Remember swaying to the music with your high school sweetheart when that certain song came on? Not a care in the world—just spending time in the moment and making memories. The creators of Embrace Kitchen Dancing want to bring that simplicity and joy back to the world of social dance.
You may call it a new product, a new style of dance, a new way of learning dance, or even a new vision for the role dance can play in a relationship. Embrace Kitchen Dancing is the brainchild of four people who have witnessed that dance doesn’t have to be complicated in order to be fun and rewarding. Not only that, it can also help couples with their interpersonal communication.
Best of All Worlds
Our story begins with two couples: Christy and Allen Eskridge, and Adam Shaw and Mady McKeown. The Eskridges have taught Latin and ballroom dance professionally at Sinclair Dance Studio in Peoria for a dozen years. A few years ago, two of their students—Adam and Mady—met there while taking classes. They soon fell in love… and became instructors themselves! Together, these two couples have joined forces to launch an innovative digital video product which shares their unique vision of dance.
Embrace Kitchen Dancing (EKD) takes a “best of all worlds” approach. They combined several social dance styles into a single, simplified version that is easy for anyone to learn. Beginners can enjoy success right away from the comfort of their own homes—without having to master the intricacies of traditional step sequences.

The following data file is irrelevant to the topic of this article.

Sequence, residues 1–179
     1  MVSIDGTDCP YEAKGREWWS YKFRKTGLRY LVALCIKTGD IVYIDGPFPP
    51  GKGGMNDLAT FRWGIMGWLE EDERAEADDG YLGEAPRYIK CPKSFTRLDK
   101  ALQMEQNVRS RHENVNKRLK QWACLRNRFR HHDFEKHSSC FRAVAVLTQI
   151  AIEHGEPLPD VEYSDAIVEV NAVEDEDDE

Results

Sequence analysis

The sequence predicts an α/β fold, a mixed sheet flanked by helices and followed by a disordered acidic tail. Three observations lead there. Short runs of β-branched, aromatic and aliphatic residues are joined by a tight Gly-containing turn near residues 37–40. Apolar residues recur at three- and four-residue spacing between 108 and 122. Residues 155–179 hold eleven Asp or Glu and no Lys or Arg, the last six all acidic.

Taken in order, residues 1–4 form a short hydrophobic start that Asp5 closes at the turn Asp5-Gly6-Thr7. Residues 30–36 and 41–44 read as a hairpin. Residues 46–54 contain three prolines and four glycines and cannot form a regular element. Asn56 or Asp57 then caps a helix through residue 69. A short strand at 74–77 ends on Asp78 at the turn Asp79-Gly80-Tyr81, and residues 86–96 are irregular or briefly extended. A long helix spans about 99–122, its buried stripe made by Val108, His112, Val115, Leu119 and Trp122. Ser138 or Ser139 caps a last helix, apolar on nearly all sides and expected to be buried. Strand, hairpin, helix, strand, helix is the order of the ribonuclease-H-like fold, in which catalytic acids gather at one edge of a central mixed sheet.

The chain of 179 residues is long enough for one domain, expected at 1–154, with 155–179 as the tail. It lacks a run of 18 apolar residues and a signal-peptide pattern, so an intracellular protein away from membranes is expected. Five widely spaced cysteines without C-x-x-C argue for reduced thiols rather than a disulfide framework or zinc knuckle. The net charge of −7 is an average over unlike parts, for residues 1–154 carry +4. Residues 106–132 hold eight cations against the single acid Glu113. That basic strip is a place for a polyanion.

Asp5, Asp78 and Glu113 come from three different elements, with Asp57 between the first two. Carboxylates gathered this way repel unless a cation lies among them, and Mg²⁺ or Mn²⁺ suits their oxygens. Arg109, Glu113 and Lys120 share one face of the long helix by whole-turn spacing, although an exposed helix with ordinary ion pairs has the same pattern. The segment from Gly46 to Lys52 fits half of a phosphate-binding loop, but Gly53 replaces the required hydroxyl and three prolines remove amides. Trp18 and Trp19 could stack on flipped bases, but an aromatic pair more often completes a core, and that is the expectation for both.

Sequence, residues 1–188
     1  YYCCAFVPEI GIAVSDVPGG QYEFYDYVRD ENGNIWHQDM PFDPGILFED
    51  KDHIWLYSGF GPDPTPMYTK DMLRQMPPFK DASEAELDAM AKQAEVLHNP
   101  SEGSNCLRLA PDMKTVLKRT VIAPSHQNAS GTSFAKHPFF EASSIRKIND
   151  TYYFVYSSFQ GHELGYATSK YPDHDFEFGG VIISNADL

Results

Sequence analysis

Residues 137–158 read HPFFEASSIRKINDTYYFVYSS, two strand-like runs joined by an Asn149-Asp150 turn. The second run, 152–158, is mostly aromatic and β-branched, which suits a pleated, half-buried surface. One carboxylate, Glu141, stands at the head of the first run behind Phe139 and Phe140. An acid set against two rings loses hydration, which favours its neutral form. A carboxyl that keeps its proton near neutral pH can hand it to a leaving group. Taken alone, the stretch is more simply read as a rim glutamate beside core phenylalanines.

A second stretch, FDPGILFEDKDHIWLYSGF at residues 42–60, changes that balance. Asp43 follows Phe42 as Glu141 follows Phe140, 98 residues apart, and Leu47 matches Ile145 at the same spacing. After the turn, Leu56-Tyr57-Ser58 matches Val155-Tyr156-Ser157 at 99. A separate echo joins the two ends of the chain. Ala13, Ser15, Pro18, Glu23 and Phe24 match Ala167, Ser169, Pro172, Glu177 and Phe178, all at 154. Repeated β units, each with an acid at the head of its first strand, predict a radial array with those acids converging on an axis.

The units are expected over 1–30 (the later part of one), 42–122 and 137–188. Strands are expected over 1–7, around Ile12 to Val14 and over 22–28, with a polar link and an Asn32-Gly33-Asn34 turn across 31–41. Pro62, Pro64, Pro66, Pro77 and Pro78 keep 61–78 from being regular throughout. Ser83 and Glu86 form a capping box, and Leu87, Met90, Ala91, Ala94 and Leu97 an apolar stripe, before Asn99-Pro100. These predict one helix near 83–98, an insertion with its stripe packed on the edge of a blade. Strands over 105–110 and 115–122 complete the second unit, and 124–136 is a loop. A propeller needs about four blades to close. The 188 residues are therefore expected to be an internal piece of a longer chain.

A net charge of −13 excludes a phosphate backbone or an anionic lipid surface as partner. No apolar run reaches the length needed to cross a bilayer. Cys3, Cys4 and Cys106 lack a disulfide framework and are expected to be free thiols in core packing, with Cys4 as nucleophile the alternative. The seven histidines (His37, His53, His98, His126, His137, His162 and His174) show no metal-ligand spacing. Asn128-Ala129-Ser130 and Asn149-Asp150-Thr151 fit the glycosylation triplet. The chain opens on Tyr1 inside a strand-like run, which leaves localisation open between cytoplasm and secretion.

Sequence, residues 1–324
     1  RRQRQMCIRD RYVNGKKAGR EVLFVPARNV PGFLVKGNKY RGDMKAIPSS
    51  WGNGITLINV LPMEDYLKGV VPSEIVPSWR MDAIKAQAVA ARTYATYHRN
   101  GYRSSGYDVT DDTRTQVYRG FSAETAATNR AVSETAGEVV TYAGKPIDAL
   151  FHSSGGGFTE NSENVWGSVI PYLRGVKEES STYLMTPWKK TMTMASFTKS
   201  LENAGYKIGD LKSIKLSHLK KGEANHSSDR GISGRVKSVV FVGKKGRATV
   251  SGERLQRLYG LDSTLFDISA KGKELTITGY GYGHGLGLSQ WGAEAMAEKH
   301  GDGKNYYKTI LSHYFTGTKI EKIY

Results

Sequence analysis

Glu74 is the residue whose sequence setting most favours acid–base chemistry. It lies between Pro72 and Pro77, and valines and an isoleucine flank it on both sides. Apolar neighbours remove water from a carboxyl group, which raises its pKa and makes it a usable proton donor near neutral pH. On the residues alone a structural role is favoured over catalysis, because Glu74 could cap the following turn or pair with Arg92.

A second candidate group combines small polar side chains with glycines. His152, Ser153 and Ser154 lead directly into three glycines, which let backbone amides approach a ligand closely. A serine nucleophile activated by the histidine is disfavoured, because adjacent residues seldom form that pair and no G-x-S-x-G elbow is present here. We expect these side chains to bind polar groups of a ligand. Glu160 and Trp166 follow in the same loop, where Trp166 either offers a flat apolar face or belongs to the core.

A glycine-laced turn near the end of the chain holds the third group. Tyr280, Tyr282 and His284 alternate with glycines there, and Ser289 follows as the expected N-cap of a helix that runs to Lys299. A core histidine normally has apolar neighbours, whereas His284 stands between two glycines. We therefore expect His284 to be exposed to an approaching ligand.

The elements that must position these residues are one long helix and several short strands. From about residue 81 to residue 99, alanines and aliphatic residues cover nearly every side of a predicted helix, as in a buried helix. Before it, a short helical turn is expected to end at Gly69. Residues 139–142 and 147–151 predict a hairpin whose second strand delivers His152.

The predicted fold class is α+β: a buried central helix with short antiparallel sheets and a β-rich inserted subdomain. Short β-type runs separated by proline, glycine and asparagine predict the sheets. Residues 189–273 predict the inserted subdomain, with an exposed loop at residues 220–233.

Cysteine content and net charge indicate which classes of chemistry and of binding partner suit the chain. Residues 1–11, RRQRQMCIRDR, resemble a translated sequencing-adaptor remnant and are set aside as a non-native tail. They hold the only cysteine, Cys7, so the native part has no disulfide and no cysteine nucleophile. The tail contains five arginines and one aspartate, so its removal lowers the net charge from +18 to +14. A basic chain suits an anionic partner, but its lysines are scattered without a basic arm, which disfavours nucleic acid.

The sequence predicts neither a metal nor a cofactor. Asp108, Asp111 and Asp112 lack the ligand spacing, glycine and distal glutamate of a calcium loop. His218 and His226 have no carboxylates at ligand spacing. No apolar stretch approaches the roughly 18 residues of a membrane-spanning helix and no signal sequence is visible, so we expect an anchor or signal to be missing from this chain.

Brand-new dancers are up and running in minutes, whereas in typical courses, novices are not effective until the end of an hour-long lesson—or more. Thanks to extensive user testing, the creators of this new experience have reduced that time to as little as four minutes. “The idea is so simple,” Christy reflects, “We wondered why no one had thought of it earlier!”
Back to the Basics
Decades of combined experience have familiarized the two couples behind EKD with the trouble spots of different dance styles. Then they used that knowledge to reverse-engineer the difficult parts out and remove common sources of frustration. “This is a style of dance that doesn’t require any rhythm or timing,” Adam adds, which also makes it flexible for practically any kind of music. The result is that couples can dance together casually, at a moment’s notice—say, when you’re prepping dinner and your favorite song comes on.
EKD is focused on simple embraces and arm movements, not what the feet are doing. This is ideal in cases when there is one reluctant partner. Having fun is the goal, Mady emphasizes. “Dancing is not perfect,” she observes. “But it wouldn’t be fun if it were perfect!”
This move back to the basics is what drove its creators to innovate in the first place. Their goals for the future of Embrace Kitchen Dancing have as much to do with helping to nurture people’s relationships as with dancing itself. They’d like to see kitchen dancing take on a life of its own—a great way for couples to enrich their daily routine. PM
The couples behind Embrace Kitchen Dancing will demonstrate and teach the dance at Cyd’s in the Park on the second and fourth Tuesdays of July and August 2021. To learn more, visit embracekitchendancing.com or find them on Facebook and Instagram: @embracekitchendancing.
This article was sponsored by Big Picture Initiative. Learn more at bigpicturepeoria.org.